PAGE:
Researchers from the London Business School have identified factors that affect women’s participation in the senior leadership talent pool. They found that a negative hiring experience significantly influences women’s decision to continue pursuing senior roles, leading them to disengage from the process. This phenomenon, often referred to as ‘leaning out’, occurs when women, after experiencing rejection, are less inclined to persist in their career progression efforts. While facing rejections is a common aspect of applying for top positions, men are more likely to persevere in pursuing their career ambitions. When women are turned down by a particular company, they are in general, less willing to apply again for a role at that same company or for a similar role elsewhere. These motivations are closely linked to the perception of procedural fairness during the hiring process and to how the hiring process impacts their sense of belonging in terms of fitting into the executive domain.

Consequently, the talent pool of women competing for top jobs reduces after each rejection, resulting in a smaller talent pool in the next round. This pattern aligns with sociological models illustrating cumulative disadvantage, where initial group differences in the early stages of a process magnify over time. Individual experiences that may seem insignificant at first glance add up to make a large statistical difference with significant implications for gender equality in top-level positions.


Is treating everyone the same as an equitable approach?

While there are undoubtedly more reasons for women to disengage from competing for top roles, I would like to share some thoughts on hiring strategies and advocate for a reconsideration of current practices.


Our commitment to equal opportunities has led to processes designed to ensure equitable approaches, removal of bias and the creation of a level playfield for all applicants while creating a thorough record of fair practices to avoid legal repercussions. However, it is debatable whether the emphasis on objectivity truly fosters an experience of procedural justice, appreciation of talent and skills, and the feeling of being heard. In fact, I would argue the contrary.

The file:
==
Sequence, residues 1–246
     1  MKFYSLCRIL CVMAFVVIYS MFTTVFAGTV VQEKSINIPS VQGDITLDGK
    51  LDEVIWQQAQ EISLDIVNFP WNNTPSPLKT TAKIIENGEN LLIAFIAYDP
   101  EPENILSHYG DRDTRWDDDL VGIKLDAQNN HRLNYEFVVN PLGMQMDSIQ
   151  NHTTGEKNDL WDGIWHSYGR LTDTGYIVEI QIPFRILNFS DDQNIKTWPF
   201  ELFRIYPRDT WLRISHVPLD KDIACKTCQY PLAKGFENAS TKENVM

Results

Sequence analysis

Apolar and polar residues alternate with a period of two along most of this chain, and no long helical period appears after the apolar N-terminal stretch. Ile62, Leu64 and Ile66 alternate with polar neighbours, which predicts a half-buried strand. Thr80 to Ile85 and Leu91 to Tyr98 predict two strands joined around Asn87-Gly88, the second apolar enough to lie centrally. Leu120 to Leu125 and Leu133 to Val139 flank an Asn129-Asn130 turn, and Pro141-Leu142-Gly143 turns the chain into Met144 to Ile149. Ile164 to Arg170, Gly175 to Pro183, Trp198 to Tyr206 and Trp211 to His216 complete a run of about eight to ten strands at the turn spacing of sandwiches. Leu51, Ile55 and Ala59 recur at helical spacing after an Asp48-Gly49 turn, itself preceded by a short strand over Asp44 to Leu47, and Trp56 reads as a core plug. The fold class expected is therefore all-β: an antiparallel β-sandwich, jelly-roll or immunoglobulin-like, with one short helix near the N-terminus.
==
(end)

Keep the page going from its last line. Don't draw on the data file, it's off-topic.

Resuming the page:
Top jobs are not mere reflections of job descriptions, but are shaped by the unique approaches, experiences, and talents of the incumbent. Each top-level applicant brings a distinct strategic perspective, set of skills and personality, making it impossible to conduct identical interviews or measure and compare responses in a linear way.


Moreover, it’s crucial to recognise that every individual is unique and may prefer to be treated differently. Boards and leadership teams of good companies have been trained in unconscious bias and understand the impact of inclusive teams on organisational performance. Additionally, organisations often engage external recruiters to assist in the hiring process for top roles, further mitigating the risk of biased decisions.


Acknowledging this, could enable active support for the diverse experiences of senior women throughout the hiring journey and break the cycle that creates barriers for them. It's not just about unlocking doors for talented women; it's about fostering a hiring process that encourages and values the diverse experiences of every individual, irrespective of gender. In doing so, we can cultivate a process that not only motivates but empowers everyone to aim high and thrive in leadership roles.



Sources: 

Australian Bureau of Statistics. (2022-23). Barriers and Incentives to Labour Force Participation, Australia. ABS. https://www.abs.gov.au/statistics/labour/employment-and-unemployment/barriers-and-incentives-labour-force-participation-australia/latest-release.

Azmat, G., & Petrongolo, B. (2014). Gender and the labor market: What have we learned from field and lab experiments?. Labour economics30, 32-40.

Bahar, E., Bradshaw, N., Deutscher, N., & Montaigne, M. (2023). Children and the gender earnings gap: evidence for Australia. Department of the Treasury (Australia).

Brands, R. A., & Fernandez-Mateo, I. (2017). Leaning out: How negative recruitment experiences shape women’s decisions to compete for executive roles. Administrative Science Quarterly62(3), 405-442.

Gregory, S. K. (2021). Managing labour market re-entry following maternity leave among women in the Australian higher education sector. Journal of Sociology57(3), 577-594.

McKinsey and Company Australia. Workplace Gender Equality Agency (WGEA); Business Council of Australia (BCA). (2018). Women in leadership: lessons from Australian companies leading the way.